Tag Archives: special collections

Special Collections From the UCLA Scanning Center

More and more libraries are partnering with Archive.org to provide online access to their special collections. With this post we feature some of the fascinating collections made available online by the University of California Los Angeles

  • The UCLA Elmer Belt Florence Nightingale Collection:
    “This collection of books by and about Florence Nightingale was a gift from urologist Elmer Belt to UCLA’s Louise M. Darling Biomedical Library in 1958. The gift honored School of Nursing Dean Lulu Wolf Hassenplug for her successful creation of the school in 1948 and her direction of it through its first ten years at the University of California, Los Angeles. The books have a characteristic mid-Victorian appearance; they are not beautiful either in typography or binding but, with content reflecting the influence of Florence Nightingale, they are immensely rich in human value. The collection includes editions of Nightingale’s influential ‘Notes on Nursing’ (1859 and later) and her other publications as well as biographies and tributes.”
  • Carte Italiane:
    “Carte Italiane is a graduate student publication of the Italian Department at the University of California, Los Angeles. Since its inception in the 1979-1980 academic year, the journal has been dedicated to publishing the work of graduate students and professors in the field of Italian cultural studies.”
  • UCLA Yearbook:
    “In March 1881 the California State Legislature authorized the creation of a southern branch of the California State Normal School in downtown Los Angeles to train teachers for the growing population of Southern California. In 1887, the school became known as the Los Angeles State Normal School. In 1914, the school moved to a new campus on Vermont Avenue in Hollywood. In 1917, the school became the second University of California campus, after Berkeley. On May 23, 1919, Assembly Bill 626 became a law, which turned the campus into the Southern Branch of the University of California. Enrollment at the Southern Branch expanded so rapidly that by the mid-1920s the institution was outgrowing the 25 acre Vermont Avenue location. The Regents conducted a search for a new location and announced their selection of the so-called ‘Beverly Site’—just west of Beverly Hills—on March 21, 1925. In 1927, the Regents renamed the school itself the ‘University of California at Los Angeles’ and the state broke ground in Westwood.”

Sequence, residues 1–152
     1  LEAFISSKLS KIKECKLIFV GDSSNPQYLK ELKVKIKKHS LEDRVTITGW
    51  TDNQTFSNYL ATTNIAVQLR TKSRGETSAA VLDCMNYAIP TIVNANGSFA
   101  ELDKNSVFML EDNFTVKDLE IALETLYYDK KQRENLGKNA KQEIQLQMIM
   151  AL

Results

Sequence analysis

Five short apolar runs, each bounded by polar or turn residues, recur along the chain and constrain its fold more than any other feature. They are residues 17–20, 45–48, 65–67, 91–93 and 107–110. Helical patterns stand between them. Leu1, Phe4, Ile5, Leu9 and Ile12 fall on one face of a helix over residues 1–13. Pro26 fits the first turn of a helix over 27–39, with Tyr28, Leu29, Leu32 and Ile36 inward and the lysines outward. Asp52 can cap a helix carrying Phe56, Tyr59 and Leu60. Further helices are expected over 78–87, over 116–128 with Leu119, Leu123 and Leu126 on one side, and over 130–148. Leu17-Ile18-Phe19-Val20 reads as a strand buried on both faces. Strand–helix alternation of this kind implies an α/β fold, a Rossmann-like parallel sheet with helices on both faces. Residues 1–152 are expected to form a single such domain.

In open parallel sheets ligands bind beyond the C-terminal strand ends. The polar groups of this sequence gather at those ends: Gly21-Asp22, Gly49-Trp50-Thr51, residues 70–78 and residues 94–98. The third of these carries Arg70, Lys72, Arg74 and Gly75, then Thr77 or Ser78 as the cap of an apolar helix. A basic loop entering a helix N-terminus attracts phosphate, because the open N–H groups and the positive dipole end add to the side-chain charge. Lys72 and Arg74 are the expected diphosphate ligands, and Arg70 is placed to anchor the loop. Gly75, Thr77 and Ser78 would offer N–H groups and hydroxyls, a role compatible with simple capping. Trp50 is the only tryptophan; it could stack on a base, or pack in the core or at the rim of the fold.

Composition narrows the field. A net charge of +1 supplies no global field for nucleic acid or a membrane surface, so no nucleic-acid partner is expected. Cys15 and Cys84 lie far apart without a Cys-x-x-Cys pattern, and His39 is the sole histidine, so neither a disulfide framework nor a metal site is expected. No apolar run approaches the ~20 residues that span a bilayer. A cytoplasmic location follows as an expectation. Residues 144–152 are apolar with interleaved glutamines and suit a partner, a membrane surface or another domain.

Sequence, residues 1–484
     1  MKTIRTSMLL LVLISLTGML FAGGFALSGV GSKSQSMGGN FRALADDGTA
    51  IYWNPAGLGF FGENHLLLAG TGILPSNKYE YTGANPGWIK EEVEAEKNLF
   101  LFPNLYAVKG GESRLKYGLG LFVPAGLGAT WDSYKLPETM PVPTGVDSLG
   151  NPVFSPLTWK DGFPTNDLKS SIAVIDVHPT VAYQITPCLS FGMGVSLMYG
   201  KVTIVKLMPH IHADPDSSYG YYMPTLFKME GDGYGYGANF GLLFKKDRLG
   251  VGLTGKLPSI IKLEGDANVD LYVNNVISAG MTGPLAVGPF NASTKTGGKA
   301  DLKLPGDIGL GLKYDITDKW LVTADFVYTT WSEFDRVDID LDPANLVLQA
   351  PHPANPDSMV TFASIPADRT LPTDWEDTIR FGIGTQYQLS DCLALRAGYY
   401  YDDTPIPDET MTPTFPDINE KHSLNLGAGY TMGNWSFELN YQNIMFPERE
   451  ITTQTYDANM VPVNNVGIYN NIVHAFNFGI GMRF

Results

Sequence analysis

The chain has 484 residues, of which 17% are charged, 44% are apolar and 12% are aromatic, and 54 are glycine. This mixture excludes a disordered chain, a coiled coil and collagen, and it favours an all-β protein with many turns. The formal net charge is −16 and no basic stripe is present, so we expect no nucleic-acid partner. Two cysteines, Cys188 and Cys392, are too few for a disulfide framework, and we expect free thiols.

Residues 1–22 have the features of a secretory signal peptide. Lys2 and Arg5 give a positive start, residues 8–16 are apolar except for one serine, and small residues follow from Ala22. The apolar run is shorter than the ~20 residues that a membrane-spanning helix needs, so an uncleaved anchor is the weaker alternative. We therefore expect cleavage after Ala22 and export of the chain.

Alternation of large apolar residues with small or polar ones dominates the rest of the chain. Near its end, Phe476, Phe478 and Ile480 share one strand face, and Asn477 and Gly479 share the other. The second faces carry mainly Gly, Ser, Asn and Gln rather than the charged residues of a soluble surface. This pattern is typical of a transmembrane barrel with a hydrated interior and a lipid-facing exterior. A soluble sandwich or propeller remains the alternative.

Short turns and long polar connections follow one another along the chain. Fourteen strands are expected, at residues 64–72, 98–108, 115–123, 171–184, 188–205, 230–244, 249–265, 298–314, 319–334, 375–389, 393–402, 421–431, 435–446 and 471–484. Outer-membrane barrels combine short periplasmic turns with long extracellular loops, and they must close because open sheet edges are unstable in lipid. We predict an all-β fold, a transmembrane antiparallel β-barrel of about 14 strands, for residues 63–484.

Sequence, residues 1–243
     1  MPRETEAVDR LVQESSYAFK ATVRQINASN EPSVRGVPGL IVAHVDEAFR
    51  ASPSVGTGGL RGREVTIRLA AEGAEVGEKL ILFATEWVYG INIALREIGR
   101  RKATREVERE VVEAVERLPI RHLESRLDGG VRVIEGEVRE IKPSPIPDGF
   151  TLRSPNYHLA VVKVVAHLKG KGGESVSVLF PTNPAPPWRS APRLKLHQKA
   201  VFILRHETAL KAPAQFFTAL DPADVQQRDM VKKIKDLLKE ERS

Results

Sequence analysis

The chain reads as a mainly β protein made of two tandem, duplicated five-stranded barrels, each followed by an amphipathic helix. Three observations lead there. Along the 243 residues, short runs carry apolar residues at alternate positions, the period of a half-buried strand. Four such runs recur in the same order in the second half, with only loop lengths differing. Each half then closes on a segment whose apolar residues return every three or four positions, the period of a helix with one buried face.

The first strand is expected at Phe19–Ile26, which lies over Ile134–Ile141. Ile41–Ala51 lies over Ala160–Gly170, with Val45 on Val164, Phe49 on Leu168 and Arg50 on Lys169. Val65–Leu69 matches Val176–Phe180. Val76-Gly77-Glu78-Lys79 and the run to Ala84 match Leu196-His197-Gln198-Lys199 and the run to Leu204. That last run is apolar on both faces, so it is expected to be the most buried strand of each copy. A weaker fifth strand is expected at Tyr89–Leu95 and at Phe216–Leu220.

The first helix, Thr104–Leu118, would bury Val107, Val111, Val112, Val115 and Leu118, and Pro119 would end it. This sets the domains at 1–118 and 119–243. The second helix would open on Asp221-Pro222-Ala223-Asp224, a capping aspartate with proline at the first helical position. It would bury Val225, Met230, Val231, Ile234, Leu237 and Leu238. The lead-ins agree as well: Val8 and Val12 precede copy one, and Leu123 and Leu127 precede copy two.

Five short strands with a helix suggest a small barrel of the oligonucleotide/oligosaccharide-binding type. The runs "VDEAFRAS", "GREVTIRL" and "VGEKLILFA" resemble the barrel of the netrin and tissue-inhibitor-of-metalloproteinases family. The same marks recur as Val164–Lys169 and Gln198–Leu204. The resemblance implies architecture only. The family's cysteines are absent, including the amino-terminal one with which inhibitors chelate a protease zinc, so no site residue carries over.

• Paroles gelees : UCLA French studies:
    “Paroles gelées was established in 1983 by its founding editor, Kathryn Bailey. The journal is managed and edited by the French and Francophone Studies Graduate Students Association; fully funded by the UCLA Graduate Students Association; and published annually under the auspices of the UCLA Department of French and Francophone Studies.”
  • UCLA Children’s Book Collection:
    “Children’s literature emerged as a distinct and independent genre only a little more than two centuries ago. Prior to the mid-eighteenth century, books were rarely created specifically for children, and children’s reading was generally confined to literature intended for their education and moral edification rather than for their amusement. Religious works, grammar books, and ‘courtesy books’ (which offered instruction on proper behavior) were virtually the only early books directed at children. In these books illustration played a relatively minor role, usually consisting of small woodcut vignettes or engraved frontispieces created by anonymous illustrators.
    New attitudes toward children and their education began to develop in the late seventeenth century, when many educators appealed for greater consideration of children’s distinctive needs and when the notion of pleasure in learning was becoming more widely accepted. By the early eighteenth century interest in children’s literature (and a rise in literacy) led to new markets and a flourishing of new publishers, particularly in England. Innovations in typography and printing allowed greater freedom in reproducing art through engraving, woodcut, etching, and aquatint, although illustrators were still largely anonymous and illustrations confined to frontispieces.”
  • –Cara Binder

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